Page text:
Roadshow: Ouch! DMV says woman’s hair is gray, not brown – The Mercury News
Q: For some day when you want a giggle to leaven all the road-patching woes of late, how about that DMV? I had to renew my license in person (being a touch over 70), and got an appointment at the Los Gatos office. Had to fill out the two long, double-sided questionnaire sheets, then the eye test, then the new photo and the written test. Then they handed me the license and I was off.
But oh! Somebody somewhere in the chain, without any mention or question to me, decided my hair is no longer “brown,” but “gray.” Surprised me. Yes, there’s a small touch of gray at each temple, but seen from the back or the side or even the front, a person would still say “brown.” I decided not to fuss about it. By the time five years have passed and I need to renew the license again, my hair probably will be mostly gray.
But it makes me wonder about people who color their hair. I haven’t quite had the nerve to ask anyone yet.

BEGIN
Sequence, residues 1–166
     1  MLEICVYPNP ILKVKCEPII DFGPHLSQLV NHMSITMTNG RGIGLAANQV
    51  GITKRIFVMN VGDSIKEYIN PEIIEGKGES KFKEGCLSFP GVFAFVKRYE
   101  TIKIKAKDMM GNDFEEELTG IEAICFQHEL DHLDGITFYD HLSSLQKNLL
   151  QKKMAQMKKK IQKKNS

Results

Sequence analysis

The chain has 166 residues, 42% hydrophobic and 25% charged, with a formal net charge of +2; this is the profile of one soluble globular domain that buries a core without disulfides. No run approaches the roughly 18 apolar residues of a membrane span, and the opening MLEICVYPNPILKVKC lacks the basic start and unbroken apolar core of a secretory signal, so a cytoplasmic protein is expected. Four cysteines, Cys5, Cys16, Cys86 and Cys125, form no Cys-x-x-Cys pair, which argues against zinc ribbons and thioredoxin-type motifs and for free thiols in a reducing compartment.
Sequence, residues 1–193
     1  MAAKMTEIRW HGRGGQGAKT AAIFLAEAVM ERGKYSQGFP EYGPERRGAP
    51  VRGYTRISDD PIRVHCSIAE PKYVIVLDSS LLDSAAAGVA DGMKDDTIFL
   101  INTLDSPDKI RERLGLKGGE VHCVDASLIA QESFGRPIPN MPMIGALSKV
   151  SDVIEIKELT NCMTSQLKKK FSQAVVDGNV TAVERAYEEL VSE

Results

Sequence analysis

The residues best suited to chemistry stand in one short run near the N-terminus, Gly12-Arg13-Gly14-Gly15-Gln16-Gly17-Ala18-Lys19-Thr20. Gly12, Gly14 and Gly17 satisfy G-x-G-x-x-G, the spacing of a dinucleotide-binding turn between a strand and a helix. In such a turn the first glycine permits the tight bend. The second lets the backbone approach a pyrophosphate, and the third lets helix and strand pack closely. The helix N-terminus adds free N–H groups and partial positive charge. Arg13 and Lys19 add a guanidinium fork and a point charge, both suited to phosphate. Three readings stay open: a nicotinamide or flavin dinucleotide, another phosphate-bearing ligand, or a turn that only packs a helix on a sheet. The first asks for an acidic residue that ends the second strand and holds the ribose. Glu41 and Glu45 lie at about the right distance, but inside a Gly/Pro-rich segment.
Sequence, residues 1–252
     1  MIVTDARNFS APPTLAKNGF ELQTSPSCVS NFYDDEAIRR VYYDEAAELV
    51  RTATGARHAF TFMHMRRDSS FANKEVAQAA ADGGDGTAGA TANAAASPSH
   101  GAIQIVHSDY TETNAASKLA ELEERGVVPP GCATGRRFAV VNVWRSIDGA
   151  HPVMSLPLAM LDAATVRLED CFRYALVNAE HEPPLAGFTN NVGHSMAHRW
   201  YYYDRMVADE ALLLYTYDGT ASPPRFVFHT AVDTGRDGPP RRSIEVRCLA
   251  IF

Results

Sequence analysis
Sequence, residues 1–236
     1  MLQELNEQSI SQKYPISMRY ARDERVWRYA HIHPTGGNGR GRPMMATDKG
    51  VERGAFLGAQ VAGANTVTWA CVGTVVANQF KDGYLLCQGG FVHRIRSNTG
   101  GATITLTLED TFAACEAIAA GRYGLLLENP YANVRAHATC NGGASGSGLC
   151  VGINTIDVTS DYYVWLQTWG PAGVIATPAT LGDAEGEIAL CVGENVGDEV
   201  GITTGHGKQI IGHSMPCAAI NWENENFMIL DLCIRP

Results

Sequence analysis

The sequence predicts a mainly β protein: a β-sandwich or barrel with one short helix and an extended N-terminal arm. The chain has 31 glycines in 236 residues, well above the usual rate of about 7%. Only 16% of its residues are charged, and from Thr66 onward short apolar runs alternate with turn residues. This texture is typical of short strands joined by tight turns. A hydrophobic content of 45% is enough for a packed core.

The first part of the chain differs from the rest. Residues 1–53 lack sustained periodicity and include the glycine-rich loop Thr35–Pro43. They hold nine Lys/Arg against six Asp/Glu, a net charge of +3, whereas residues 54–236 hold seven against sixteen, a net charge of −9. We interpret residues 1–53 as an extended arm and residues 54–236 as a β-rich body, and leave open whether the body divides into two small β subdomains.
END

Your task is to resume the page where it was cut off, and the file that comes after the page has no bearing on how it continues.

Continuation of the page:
A: OK, folks, send me your DMV tales about new license photos. Has anyone walked away ecstatic about their mug shot?
The state form allows only the following hair colors: brown, blonde, black, red, gray or bald. If people dye their hair purple, yellow, orange or another color, it’s not allowed on your license. And one Morgan Hill fellow who listed his hair as “silver” had it changed to gray by the DMV.
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Q: How many of us oldsters have written to correct the history of the Bay Bridge?
A: Enough to fill every lane on the Oakland-San Francisco span.
Q: When the bridge was built, half the lower deck was for Key System rapid transit trains. The other portion was for trucks and buses. … Cars were allowed on the upper deck in both directions … There were baskets where you could toss the coins, but too many folks missed the basket and then would get out of their cars and hunt for the errant coins. Now that held up traffic.
George Martin, Clifford Olsen, Rod Smith, Barbara Patterson, Loran Stringer, Jim Bunger, Rena Killian, Al Stangenberger, Jose Alonso, Carol Walker and many more, including one from far, far away.
A: A wonderful summary is at baybridgeinfo.org/history, including a radio report from opening day in 1936.
Q: Originally, trains, street cars, trucks and buses ran on the lower deck and vehicle traffic both ways on the upper deck. This was changed in the early 1960s. On the upper deck there was a hump in the road as re-configurement changed the height to accommodate large trucks through Yerba Buena Island.
Paul Van Buren
A: You can still feel that bump before the tunnel.
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